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Seattle Mayor: We need more tent cities

Progressive Seattle Mayor Ed Murray


KOMO: Mayor Ed Murray says there’s been a recent spike in the number of illegal homeless encampments in Seattle, and he wants additional “tent cities” approved to help address the issue.

A press release from the Mayor’s office states that the mayor will send proposed legislation to the City Council next month “to make a limited number of unused, vacant lots on private and public land” available for encampments. The areas included are not in residential neighborhoods or parks.

A task force Murray convened in October recommended that Seattle make it easier for tent cities to operate with oversight and legal services. “In recent months, more illegal encampments have popped up on our streets and sidewalks than ever before and the need for alternative spaces has grown immensely,” the mayor wrote in a letter to the task force last week.

Encampments have stirred controversy around Seattle, with politicians and advocates disagreeing about whether they save people from the streets or siphon resources away from safer, cleaner, more permanent options.

A handful of authorized encampments and many more unauthorized ones already exist in Seattle. Religious institutions are allowed to host tent cities with few restrictions, but encampments are allowed elsewhere only under temporary-use permits. The city funds 1,724 shelter beds in Seattle. An annual count of homeless residents in January found 3,123 people living on the streets of the city and King County.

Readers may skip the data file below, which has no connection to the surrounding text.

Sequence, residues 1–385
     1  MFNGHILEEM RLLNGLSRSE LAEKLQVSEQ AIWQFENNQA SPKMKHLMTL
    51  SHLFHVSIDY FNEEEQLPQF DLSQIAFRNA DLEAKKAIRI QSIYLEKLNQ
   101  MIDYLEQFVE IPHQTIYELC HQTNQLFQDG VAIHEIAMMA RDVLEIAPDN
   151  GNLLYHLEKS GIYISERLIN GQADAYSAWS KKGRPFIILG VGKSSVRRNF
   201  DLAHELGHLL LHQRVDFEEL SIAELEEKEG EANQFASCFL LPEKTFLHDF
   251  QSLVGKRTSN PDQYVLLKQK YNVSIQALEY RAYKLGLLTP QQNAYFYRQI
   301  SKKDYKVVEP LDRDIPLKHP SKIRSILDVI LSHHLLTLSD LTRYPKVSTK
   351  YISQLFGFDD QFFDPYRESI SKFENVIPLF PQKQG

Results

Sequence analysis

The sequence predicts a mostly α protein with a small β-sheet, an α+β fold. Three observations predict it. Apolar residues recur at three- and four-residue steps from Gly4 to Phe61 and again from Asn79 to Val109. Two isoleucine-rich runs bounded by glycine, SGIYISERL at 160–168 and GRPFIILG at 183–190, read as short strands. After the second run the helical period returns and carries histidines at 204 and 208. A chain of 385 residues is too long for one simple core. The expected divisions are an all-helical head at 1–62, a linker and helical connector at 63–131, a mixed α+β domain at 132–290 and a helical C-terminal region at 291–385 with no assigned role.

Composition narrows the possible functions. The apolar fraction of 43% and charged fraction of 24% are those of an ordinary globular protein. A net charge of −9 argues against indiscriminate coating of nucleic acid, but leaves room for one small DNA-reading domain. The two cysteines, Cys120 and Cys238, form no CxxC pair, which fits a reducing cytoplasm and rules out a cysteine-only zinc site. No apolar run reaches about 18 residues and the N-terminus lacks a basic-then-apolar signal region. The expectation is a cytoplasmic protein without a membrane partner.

Murray did not say how many lots should be opened, and his press secretary, Jason Kelly, declined to give a number. The task force called for seven.

Last year, a bill sponsored by Councilman Nick Licata would have allowed tent cities for up to a year on nonreligious properties in industrial and commercial zones. The council voted against it.

Murray said his proposed legislation will build off Licata’s. It calls for organizations operating the encampments to collect data about their clients; city money should only go to organizations that comply, he said. The mayor also said he would push for 150 additional shelter beds by early 2015, including at least 15 reserved for youth.

Murray balked at the task force’s proposal that some community centers be used to provide shelter, saying the centers must continue to focus on services for seniors and children, such as the city’s new preschool program.

The council last month set aside $200,000 in the city’s 2015 budget to help carry out the task force’s recommendations and $100,000 to support encampments.

Murray wrote that he has a separate advisory group working on long-term solutions to the city’s affordable-housing crisis.

Maybe Murray should set up a separate advisory group and task force to evaluate policies that lead to homelessness? He just might find a common thread.